12 days in June
One of the lesser known slogans, from Paris 1968, but one of the most insightful, was ‘Marx is our god, Marcuse is our prophet, Mao is our weapon.’ This slogan acknowledges the development of history, the necessity of revisionism, and how ideas can be translated into action. The seminar discussion was brought to the barricades, and the barricades were turned into a seminar discussion. The divorce of theory from practice, or of practice from theory, leaves both irrelevant and useless.
The pluralistic nature of the Radical Bank of Brighton and Hove frustrates any literal translation of that slogan to our project; the gods are many, prophets even more, some of them dead, some alive. But there was one weapon we all shared: play.
A movement can only be responsible for half of its narrative. Through its actions and own reporting of its actions it shows the world how it wants to be understood, but the world will always interpret it how it wants. The movement collides, and it is the purpose of those responsible for its media to channel that collision into favourable ground, from which the ideological battle, that great struggle over hearts and minds, can be won. If we want to expose the death-worship of the corporate-state, then we must embrace life.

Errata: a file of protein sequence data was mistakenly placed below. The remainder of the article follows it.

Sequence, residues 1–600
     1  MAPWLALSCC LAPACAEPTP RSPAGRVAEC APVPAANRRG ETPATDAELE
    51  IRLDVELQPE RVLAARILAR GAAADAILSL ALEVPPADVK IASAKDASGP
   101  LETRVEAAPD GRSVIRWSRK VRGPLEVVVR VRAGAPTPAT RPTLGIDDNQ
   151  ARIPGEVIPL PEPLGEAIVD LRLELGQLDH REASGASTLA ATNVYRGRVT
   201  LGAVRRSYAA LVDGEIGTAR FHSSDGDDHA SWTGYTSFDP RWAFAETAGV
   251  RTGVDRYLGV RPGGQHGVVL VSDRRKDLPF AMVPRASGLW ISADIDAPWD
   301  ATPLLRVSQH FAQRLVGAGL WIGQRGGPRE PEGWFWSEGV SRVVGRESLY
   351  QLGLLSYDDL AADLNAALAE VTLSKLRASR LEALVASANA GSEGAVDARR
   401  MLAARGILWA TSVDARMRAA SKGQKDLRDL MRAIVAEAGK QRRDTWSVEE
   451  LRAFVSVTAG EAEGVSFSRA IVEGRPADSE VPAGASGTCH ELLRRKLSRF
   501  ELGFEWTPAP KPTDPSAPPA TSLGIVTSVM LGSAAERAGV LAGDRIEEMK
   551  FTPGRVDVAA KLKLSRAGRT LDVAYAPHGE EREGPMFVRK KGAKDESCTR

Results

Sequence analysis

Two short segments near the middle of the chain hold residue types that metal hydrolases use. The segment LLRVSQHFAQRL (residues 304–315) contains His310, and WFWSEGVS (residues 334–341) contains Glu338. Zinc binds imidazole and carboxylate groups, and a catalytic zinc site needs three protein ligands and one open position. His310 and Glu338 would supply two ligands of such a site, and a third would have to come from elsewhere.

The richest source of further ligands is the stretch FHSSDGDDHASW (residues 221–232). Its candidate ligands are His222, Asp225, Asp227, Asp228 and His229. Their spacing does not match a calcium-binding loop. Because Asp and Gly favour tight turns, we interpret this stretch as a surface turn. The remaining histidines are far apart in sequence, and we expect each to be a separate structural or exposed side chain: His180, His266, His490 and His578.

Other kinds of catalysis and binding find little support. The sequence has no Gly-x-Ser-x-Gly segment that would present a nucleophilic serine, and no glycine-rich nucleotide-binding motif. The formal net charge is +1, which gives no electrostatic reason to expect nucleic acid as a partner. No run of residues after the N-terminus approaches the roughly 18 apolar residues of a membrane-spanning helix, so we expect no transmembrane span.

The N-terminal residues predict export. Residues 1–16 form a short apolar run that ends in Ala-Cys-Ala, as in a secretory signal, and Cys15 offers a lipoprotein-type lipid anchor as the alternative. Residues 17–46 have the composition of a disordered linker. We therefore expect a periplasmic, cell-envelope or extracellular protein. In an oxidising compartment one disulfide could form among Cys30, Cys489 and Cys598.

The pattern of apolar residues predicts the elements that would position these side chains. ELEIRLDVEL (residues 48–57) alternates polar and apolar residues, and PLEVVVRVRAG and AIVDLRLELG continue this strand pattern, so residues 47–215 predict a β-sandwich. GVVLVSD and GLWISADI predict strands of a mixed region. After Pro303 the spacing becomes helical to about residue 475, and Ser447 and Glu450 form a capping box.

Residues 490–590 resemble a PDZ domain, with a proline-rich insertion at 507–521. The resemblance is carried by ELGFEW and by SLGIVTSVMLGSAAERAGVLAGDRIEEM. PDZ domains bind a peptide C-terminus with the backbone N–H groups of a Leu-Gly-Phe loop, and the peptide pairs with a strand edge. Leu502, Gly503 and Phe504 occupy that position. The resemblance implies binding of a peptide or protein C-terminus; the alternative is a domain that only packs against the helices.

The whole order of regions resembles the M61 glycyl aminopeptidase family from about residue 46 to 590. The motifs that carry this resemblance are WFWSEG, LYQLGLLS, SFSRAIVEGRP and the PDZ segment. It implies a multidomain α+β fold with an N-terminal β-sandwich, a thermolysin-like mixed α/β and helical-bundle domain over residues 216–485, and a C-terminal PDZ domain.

Through play the shadowy activist, in their squatted fortress, revealed themselves as human. The radical became relatable. Mistakes and imperfections openly displayed sharply contrasted the arrogance of the state. There was no shame or embarrassment in arriving at the wrong court for the eviction hearing, and no lie or spin to cover history up.
Inviting people to ‘pin the heart on the banker’ outside our squat was not a juvenile exercise, it was politic as play. Dare to enjoy yourself while you fight the state in all of its diverse forms, and you frustrate alienation. The world created by us, the working class, has long since been turned against us as something hostile, as a form of domination. Turn it into your playground. We are bored of being entertained, where money has already soaked every guitar string, and ego pours from every orifice of interchangeable film stars. We know there is a lot of fun to be had in political struggle. We see the smiles of every capitalist and politician, we know they only smile because we work, we struggle, and we suffer. They are happy because we are not, and that is where the pluralism of the Radical Bank meets concrete common ground. We want to play their game. We want to take their buildings, their property, their support. We want to take the smiles right off their faces, and give them to everybody else. Everyone can have a bankers tooth when we are finished.
It was because we played their property game, their politics game, by our own rules, that I will never forget those 12 days in June when we turned a Barclays bank into a food bank, an idea bank.
When our lives are work and stress, play is rebellion.